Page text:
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The new Vatican media in Pope Francis' time



Vatican City, 19 September 2013: “More than 9,300,000 followers and, thanks to re-tweets, at least 60,000 million people on their smartphones and tablets are reached by the Holy Father’s tweets”; as well as the “10,260,000 people every month who visit our pages in the various languages through the portal www.news.va via Facebook”, said Archbishop Claudio Maria Celli, president of the Pontifical Council for Social Communications. These are Pope Francis’ record statistics on social networks of the first six months of his pontificate; a media success of which “few other global leaders can boast”, added the Archbishop. Archbishop Celli revealed these statistics in an interview with Vatican’s newspaper L’Osservatore Romano on Wednesday, on the eve of the Pontifical Council’s Plenary Assembly.

The annual plenary assembly on Thursday morning focuses on the priorities of Church communicating the Gospel through social networks. Members and consulters from around the world are taking part in the three day meeting which is scheduled to conclude with a meeting with Pope Francis on Saturday morning.

When asked about what innovations has Pope Francis’ style introduced in the world of the Vatican media, Archbishop Celli said that the major innovation consists in Pope’s ability to make himself understood by people of every origin. This is the main lesson we have sought to apply to our way of functioning.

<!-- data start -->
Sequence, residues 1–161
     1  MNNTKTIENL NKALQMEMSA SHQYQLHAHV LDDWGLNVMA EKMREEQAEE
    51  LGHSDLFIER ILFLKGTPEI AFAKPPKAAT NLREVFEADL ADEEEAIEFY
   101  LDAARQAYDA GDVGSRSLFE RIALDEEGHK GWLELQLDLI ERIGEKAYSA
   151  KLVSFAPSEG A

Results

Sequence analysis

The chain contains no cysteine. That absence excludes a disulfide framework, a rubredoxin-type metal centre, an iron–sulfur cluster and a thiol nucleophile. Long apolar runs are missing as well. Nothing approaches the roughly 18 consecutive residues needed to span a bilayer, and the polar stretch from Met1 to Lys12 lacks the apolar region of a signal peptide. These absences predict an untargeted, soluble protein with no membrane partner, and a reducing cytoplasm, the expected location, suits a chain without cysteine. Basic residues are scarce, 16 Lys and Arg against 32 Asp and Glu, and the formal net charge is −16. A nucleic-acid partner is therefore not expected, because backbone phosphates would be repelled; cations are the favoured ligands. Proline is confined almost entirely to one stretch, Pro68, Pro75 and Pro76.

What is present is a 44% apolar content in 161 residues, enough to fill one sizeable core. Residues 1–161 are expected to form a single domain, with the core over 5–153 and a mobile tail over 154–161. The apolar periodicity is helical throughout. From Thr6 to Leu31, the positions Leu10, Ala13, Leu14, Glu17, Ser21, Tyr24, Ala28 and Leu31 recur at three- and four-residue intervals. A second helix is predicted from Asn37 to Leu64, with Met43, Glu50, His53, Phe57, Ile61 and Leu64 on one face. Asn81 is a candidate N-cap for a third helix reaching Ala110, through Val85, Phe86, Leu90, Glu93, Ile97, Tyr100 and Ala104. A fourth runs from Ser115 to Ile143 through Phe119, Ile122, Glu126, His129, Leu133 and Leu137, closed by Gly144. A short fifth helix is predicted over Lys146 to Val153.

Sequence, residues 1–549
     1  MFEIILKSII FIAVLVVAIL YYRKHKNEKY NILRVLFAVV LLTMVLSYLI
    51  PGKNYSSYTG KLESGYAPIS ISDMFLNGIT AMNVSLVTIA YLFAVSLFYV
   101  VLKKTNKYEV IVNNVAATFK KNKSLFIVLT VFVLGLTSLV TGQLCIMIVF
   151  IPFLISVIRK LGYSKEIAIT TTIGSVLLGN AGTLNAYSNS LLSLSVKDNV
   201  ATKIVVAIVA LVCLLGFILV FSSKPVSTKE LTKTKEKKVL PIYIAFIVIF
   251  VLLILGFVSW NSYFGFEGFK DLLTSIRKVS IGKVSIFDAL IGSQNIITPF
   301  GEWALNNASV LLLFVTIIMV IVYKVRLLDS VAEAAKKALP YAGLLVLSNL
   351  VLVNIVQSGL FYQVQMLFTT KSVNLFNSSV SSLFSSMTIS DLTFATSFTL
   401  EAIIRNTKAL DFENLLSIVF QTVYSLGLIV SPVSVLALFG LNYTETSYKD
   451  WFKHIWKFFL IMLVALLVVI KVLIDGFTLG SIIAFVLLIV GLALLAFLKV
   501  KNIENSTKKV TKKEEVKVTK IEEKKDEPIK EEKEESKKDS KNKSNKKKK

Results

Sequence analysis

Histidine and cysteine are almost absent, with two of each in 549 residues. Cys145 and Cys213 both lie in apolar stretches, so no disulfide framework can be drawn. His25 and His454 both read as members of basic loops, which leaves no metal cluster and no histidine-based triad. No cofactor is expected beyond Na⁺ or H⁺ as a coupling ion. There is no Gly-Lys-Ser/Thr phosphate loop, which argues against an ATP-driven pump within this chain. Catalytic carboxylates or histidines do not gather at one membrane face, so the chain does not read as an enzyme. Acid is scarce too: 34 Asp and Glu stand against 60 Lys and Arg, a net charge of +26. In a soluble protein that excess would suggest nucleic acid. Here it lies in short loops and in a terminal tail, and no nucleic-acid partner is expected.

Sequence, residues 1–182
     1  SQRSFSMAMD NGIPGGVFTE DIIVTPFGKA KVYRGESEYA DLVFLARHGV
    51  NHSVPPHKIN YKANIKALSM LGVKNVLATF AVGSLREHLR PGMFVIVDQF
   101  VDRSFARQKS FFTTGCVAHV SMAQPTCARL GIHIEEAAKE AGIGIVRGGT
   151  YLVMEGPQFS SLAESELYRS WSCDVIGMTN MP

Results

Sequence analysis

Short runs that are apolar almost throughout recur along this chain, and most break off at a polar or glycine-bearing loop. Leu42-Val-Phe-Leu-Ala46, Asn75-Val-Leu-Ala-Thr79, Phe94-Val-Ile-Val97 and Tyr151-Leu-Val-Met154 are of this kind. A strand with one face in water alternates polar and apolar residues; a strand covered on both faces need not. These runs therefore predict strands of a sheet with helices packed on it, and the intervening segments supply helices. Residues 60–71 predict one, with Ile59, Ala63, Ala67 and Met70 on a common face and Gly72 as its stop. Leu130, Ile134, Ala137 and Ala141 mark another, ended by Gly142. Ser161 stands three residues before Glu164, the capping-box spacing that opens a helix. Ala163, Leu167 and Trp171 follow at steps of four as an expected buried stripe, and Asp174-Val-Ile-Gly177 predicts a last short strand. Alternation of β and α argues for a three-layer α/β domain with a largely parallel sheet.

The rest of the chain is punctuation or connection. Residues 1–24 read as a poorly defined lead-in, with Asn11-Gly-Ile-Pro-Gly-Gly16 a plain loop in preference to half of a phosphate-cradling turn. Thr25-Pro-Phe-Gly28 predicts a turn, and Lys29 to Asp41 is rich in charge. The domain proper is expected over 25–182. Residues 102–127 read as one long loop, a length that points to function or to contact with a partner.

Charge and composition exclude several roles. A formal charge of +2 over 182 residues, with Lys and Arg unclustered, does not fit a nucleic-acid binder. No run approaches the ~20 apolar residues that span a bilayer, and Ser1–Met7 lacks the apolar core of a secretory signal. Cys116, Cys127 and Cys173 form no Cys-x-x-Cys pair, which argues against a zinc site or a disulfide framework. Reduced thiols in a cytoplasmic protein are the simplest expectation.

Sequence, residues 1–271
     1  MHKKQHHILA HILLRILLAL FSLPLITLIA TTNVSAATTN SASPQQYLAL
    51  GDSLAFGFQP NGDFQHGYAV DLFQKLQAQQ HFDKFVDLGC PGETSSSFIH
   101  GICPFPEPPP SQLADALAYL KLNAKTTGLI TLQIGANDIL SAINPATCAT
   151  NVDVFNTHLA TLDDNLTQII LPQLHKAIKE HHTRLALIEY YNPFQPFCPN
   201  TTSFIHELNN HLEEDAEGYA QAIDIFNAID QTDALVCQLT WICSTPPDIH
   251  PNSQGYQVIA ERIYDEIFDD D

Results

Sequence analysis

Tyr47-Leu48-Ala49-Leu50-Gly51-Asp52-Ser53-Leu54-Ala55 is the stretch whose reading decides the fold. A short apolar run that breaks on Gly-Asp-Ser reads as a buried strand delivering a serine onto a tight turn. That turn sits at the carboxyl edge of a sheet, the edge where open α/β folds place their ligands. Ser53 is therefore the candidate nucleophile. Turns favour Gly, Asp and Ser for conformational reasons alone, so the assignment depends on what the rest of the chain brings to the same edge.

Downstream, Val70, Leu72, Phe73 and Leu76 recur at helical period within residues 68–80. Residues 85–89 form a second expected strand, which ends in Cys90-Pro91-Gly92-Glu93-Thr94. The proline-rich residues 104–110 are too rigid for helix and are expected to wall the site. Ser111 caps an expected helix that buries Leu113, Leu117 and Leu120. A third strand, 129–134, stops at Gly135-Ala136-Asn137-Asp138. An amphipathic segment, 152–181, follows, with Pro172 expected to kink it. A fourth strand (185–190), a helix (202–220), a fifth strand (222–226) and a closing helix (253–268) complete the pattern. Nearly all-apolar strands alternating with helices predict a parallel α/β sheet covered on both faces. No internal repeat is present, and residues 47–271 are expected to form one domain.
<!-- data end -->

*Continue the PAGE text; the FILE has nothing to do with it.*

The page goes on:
The Archbishop said that Bergoglio’s style of communication can be summed up in four clearly defined characteristics. First, he uses a simple, direct, colloquial language, a language that people today understand perfectly. Second, he has a content that poses questions to people’s consciences and hearts, responding to human suffering and the human yearning for inner seeking, for the Pope knows what man’s human heart contains. This also explains his success with non-believers, with the people from other religions and with very many distant Christians. The third element is the way he gestures. Pope Francis does not only say certain things, he makes gestures that are able to convey this human richness, bound coactively to a profound spirituality. Lastly he also knows how to spark the human imagination and sensitivity through recourse to figurative language. Such as, for example, when he uses colourful expressions which communicate more than the words actually say, using simple sentences to express even difficult concepts. Who could forget his appeal to priests and bishops to acquire the “smell of their sheep”?
Source: L’Osservatore Romano




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